The procrastination habit
Like most people, I have certain faults, and one of them is a tendency to procrastinate.
Over time, I’ve made my peace with this bad habit.
Not because I enjoy procrastinating, because I don’t, but because I regard it as inevitable, and make time for it in my schedule.
Take this column.
I’d love to write it earlier in the week, but I hardly ever do. And I’m aware of this, and so it’s not exactly a surprise when I’m sitting here late Thursday afternoon, trying to write this thing. I’m well aware that my spurts of writing are going to be interrupted by periodic detours to the Internet, to check the latest sports news and news updates and that sort of thing.
My procrastination spills into almost every realm.
I’m slow to make telephone calls and pay bills, to make appointments and finish my work.
I recently took the trouble to see my doctor to get a referral to a podiatrist, and for over a month I carried the referral slip around in my bag, seemingly unable to pick up the phone and schedule a visit.
For months, I had been plagued by a sore left foot, and I had no idea why.
The soreness wasn’t anything extreme — I could hike and bike and do pretty much anything I wanted, whenever I wanted to. But the soreness worsened during physical activity and sometimes caused a mild limp when I got out of bed in the morning.
When a 30-minute walk on the beach resulted in what I considered a disproportionate level of soreness, I decided there was no reason to spend the rest of my life in pain, no matter how minor, and that I should see a specialist. Four months later, I finally took action. At that point, I’d postponed making the appointment for so long that scheduling it felt like a major accomplishment. That’s how it is when you’re a chronic procrastinator — completing the smallest of tasks often feels like a major breakthrough.
One of the basic mysteries of life is why people procrastinate.
A friend recently posed an interesting theory. She suggested people procrastinate on the off-chance that they’ll die before it becomes necessary to complete the dreaded task. The thinking, then, is something along the lines of: If I put off going to the dentist for as long as possible, well, maybe I’ll luck out, and never have to go! In other words, why rush, when tragedy might be lurking around the corner?
It’s an interesting theory, but I don’t buy it.
Procrastinating is, at heart, irrational, and my friend’s thinking, as skewed and wacky as it is, suggests a degree of rationality that largely doesn’t exist.
For one thing, I don’t feel in control when I procrastinate; rather, I feel trapped, frustrated by my inability to move at a less glacial pace. Nor do I ever conduct a cost-benefit analysis, where I consider the possibility that if I sit at my computer for a long time, staring at a blank page, maybe the ceiling will fall on my head, and I won’t have to finish this column.
The New Yorker recently published a piece pondering why people procrastinate.
“Procrastination interests philosophers because of its underlying irrationality,” the article suggests.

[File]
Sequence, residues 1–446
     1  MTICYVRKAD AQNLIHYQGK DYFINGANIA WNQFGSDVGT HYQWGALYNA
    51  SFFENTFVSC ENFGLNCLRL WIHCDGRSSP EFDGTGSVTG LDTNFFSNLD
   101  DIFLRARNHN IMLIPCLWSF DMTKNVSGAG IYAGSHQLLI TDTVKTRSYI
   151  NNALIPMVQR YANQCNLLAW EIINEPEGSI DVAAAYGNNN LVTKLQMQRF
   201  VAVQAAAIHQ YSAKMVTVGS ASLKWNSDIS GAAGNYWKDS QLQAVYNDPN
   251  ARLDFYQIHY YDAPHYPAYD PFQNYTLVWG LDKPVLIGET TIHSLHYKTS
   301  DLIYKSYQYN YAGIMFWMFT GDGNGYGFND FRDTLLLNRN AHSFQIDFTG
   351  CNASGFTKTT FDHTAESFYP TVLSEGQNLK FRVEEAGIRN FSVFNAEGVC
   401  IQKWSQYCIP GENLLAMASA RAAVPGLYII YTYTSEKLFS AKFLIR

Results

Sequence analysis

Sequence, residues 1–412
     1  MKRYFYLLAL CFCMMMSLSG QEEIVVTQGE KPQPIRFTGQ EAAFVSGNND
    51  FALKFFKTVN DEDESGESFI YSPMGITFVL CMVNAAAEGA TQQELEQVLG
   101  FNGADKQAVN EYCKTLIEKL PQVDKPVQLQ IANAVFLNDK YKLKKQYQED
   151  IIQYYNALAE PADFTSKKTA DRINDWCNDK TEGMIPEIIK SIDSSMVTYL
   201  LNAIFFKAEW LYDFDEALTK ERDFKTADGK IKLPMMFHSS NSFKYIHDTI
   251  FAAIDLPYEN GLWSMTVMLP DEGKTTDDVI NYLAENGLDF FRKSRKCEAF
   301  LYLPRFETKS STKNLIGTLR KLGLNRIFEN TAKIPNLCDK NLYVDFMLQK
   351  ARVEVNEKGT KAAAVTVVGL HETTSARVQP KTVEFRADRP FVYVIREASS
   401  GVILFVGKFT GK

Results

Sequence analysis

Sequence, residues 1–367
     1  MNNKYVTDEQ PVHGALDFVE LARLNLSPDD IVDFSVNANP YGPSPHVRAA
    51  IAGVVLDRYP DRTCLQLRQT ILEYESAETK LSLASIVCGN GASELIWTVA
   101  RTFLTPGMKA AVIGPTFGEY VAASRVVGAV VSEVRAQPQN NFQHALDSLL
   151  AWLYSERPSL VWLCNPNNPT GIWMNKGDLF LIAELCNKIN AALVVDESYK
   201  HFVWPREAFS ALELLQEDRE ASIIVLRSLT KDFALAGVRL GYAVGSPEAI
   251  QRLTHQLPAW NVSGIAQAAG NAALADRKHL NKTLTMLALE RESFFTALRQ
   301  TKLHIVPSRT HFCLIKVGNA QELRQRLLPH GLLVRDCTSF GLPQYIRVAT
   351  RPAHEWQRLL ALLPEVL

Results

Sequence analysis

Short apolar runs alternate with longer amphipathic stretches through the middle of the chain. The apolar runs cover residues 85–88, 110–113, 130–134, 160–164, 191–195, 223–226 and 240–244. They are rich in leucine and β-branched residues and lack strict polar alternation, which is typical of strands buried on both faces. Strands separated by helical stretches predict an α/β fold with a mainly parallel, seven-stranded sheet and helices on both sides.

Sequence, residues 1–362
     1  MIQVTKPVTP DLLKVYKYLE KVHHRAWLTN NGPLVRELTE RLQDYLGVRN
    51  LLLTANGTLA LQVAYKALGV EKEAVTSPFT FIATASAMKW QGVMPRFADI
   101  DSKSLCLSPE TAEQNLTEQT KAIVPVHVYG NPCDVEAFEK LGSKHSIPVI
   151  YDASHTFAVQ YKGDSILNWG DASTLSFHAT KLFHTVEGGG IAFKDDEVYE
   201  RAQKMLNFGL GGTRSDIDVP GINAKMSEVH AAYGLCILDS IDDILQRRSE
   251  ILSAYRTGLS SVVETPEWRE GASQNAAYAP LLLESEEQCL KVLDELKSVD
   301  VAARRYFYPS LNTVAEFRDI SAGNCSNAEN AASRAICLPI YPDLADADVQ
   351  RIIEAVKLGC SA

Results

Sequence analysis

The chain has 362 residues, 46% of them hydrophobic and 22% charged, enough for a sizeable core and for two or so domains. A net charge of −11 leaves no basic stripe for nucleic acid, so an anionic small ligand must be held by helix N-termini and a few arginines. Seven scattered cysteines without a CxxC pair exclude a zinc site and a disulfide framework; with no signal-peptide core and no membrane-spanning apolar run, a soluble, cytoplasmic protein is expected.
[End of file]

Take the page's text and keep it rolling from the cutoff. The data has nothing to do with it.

The author, James Surowiecki, then tells the story of a Nobel-winning economist who was asked to mail a box of clothes from India, where he was living, to the United States but put off doing it for more than eight months. (A length of time that makes my inability to schedule an appointment with a podiatrist pale in comparison.)
Procrastination, Surowiecki explains, is “a powerful example of what the Greeks called akrasia — doing something against one’s own better judgment. . . . In other words, if you’re simply saying ‘Eat, drink and be merry, for tomorrow we die’ you’re not really procrastinating. Knowingly delaying because you think that’s the most efficient use of your time doesn’t count, either. The essence of procrastination lies in not doing what you think you should be doing, a mental contortion that surely accounts for the great psychic toll the habit takes on people. This is the perplexing thing about procrastination: Although it seems to involve avoiding unpleasant tasks, indulging in it generally doesn’t make people happy.”
Delaying a trip to the podiatrist certainly didn’t make me any happier.
My foot continued to hurt, and I continued to complain about it.
“I think I need to see a podiatrist,” I would tell people, in an effort to psych myself up to schedule the appointment.
I finally got in to see the podiatrist last week; after my months of procrastination, I was a little disappointed when the appointment only lasted 10 minutes. During this brief visit, I learned that I have an extremely tight Achilles tendon.
“If you stretch your Achilles and heat it every day for the rest of your life, you should be fine,” the podiatrist informed me.
If there’s one thing I find more irritating than procrastination, it’s being told I’m going to have to do something every day for the rest of my life.
But I’d better get over it.
Because putting things off will get me nowhere.
And I'll feel even more frustrated than I am now.
Foss Forward makes a weekly appearance in print, in The Gazette’s Saturday Lifestyles section. You can email Sara at firstname.lastname@example.org.